A for Amarone - one of the great wines of the world

Posted by Joelle Thomson on

Corvina, Rondinella and Molinara may sound like the names of characters from an Italian or Greek tragedy but they are the names of three grapes, which are the key ingredients in one of the world's great red wines, Amarone della Valpolicella. 

The word Amarone translates to something along the lines of 'black bitter' and Valpolicella to 'the valley of many cellars', which could easily apply to most parts of Italy, but this wine comes from the north east region of Veneto. There are many different wines bottled with the label Valpolicella and they range from light bodied reds with hints of a fruity taste right up to the dense, full bodied, incredibly age worthy Amarones, the best of which come into their own usually with about 15 to 20 years of ageing. Fortunately, modern styles such as the new Cesari Amarone we have in store, do not need to be aged for quite so long in order to be enjoyed and loved. So, what is Amarone and Valpolicella?

Valpolicella is a valley in the Veneto region and the wines from here bear its regional name. They are typically a blend and historically that blend was Corvina (and more rare Corvinone) along with the less highly regarded Rondinella and Molinara grapes, the latter two renowned by their high volume and profitability while Corvina is known and prized for its high quality. 

Modern blends are changing a little, when possible, in favour of Corvina and this is certainly true at the Cesari winery in the Veneto, where some experimental 100% varietal dry reds are being made from Corvina. This family owned winery is also using French oak barriques in its production as well as the traditional large Slovenian oak cuves - large casks. The combination is a deliciously range of heady but balanced wines which successfully straddle both traditional and modern wine styles.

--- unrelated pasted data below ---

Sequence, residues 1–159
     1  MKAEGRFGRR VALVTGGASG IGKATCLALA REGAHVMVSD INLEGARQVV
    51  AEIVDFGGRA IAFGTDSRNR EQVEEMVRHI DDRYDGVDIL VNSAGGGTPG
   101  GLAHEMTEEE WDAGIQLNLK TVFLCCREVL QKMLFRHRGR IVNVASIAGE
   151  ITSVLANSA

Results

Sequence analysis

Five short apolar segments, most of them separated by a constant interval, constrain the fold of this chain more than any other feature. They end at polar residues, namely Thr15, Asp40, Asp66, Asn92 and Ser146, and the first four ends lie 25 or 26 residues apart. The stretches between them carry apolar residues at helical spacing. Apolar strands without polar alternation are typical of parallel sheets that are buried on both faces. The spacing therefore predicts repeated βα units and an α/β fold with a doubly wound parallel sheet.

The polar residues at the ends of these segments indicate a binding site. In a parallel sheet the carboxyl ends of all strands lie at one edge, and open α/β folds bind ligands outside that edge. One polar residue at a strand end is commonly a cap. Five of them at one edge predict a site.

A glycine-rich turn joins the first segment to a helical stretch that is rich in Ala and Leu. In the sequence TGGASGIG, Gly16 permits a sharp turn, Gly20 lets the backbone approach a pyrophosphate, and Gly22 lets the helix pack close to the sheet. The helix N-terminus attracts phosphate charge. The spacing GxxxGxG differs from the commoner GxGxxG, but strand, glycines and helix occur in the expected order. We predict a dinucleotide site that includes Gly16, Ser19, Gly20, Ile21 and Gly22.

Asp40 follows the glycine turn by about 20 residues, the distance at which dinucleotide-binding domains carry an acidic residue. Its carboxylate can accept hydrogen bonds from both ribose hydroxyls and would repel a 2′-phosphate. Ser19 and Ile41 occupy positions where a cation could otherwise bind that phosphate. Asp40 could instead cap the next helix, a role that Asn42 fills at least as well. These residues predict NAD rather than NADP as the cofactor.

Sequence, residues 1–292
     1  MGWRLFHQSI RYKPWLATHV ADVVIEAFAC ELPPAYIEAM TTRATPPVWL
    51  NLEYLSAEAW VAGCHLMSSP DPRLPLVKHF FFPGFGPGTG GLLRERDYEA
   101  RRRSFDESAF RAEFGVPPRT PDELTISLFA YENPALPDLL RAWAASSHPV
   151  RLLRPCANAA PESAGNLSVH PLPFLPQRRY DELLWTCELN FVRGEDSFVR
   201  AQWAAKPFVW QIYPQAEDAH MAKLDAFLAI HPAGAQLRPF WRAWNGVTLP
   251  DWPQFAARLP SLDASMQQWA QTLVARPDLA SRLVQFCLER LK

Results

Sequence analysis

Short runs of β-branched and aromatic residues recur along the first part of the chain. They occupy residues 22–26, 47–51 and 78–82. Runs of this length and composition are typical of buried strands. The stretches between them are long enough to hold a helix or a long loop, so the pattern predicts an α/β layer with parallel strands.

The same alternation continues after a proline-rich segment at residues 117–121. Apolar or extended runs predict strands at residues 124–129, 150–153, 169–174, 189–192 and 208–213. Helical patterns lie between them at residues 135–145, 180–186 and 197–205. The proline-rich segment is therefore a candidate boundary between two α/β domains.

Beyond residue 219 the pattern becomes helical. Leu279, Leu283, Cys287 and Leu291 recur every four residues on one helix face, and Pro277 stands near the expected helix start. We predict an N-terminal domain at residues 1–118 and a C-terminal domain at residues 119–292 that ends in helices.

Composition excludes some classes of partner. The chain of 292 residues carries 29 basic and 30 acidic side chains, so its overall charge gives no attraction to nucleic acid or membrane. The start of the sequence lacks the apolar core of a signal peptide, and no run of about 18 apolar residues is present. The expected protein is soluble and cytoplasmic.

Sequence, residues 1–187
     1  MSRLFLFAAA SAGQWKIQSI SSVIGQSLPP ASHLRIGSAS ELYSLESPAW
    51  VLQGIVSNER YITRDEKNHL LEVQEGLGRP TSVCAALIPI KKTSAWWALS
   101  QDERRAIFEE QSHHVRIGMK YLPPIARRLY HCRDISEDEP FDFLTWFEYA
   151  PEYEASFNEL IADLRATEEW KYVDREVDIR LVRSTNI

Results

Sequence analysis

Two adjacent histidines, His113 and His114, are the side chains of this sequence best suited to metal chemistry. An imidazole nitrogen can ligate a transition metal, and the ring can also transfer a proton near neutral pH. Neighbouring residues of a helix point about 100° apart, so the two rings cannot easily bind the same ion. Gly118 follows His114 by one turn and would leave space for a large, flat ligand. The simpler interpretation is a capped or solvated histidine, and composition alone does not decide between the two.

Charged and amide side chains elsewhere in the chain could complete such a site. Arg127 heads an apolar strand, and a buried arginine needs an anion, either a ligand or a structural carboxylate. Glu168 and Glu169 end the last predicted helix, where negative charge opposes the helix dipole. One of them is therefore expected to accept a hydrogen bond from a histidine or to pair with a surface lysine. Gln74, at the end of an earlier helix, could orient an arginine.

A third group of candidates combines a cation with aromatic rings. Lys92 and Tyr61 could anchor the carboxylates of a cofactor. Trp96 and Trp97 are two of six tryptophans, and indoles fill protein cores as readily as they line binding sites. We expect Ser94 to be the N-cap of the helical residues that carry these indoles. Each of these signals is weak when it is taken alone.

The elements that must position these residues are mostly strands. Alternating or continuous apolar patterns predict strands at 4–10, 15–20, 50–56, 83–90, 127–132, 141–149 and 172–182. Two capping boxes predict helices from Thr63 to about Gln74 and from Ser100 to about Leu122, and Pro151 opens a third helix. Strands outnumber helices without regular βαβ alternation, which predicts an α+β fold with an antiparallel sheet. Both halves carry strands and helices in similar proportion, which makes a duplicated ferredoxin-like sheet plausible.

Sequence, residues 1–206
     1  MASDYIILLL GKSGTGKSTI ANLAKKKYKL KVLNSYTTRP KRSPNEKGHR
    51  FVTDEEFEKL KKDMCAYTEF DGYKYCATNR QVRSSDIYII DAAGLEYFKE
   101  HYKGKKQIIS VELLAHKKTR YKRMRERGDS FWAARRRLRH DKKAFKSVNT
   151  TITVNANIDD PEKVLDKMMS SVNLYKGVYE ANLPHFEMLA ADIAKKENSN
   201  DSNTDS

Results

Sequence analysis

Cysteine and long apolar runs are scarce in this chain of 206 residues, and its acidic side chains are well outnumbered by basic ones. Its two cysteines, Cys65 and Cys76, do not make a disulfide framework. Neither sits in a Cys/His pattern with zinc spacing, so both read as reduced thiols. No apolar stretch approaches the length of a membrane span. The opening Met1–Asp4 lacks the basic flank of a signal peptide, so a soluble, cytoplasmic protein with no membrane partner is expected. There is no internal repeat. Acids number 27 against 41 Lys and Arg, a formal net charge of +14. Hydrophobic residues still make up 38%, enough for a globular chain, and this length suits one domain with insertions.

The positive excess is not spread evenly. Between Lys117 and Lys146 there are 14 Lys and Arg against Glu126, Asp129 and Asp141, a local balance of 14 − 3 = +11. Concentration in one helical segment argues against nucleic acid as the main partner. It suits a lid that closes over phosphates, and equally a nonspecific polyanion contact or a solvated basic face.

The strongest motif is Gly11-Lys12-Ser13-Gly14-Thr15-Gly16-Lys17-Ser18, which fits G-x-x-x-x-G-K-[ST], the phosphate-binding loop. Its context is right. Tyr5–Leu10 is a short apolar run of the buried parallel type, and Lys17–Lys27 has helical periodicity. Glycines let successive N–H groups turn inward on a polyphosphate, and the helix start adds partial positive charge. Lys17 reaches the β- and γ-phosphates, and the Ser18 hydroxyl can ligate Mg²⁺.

Amarone is the top of the Valpolicella tree and made in the smallest volumes. Approximately one third of the grapes in Amarone are picked later, all by hand, and dried for about three months in airy rooms on racks where drying conditions are relatively stable. These dried grapes are then added to the ferment tanks or cuves of the original wine and refermented. This raises the alcohol level slightly and increases the depth of colour and flavour intensely. The result, at its best, is a wine like this one below, which is new in store and drop dead divine in taste.

Drop dead delish red

If you love soft reds with bold flavours and great structure that taste like you've gone to heaven, try this... 

2017 Cesari Amarone DOCG RRP $98.99

Mouthwatering and velvet smooth. The Cesari family puts its best foot forward with this opulent, dark fruity and complex Amarone. Two fermentations see the second with dried grapes which add depth, weight and dark flavours to the wine. French oak plays a judicious role in the wines of Cesari, alongside traditional large Slovenian oak. The result is a traditional wine with a modern twist. This wine is made from 75% Corvina, 20% Rondinella and 5% Molinara - the three traditional core ingredients of Amarone.

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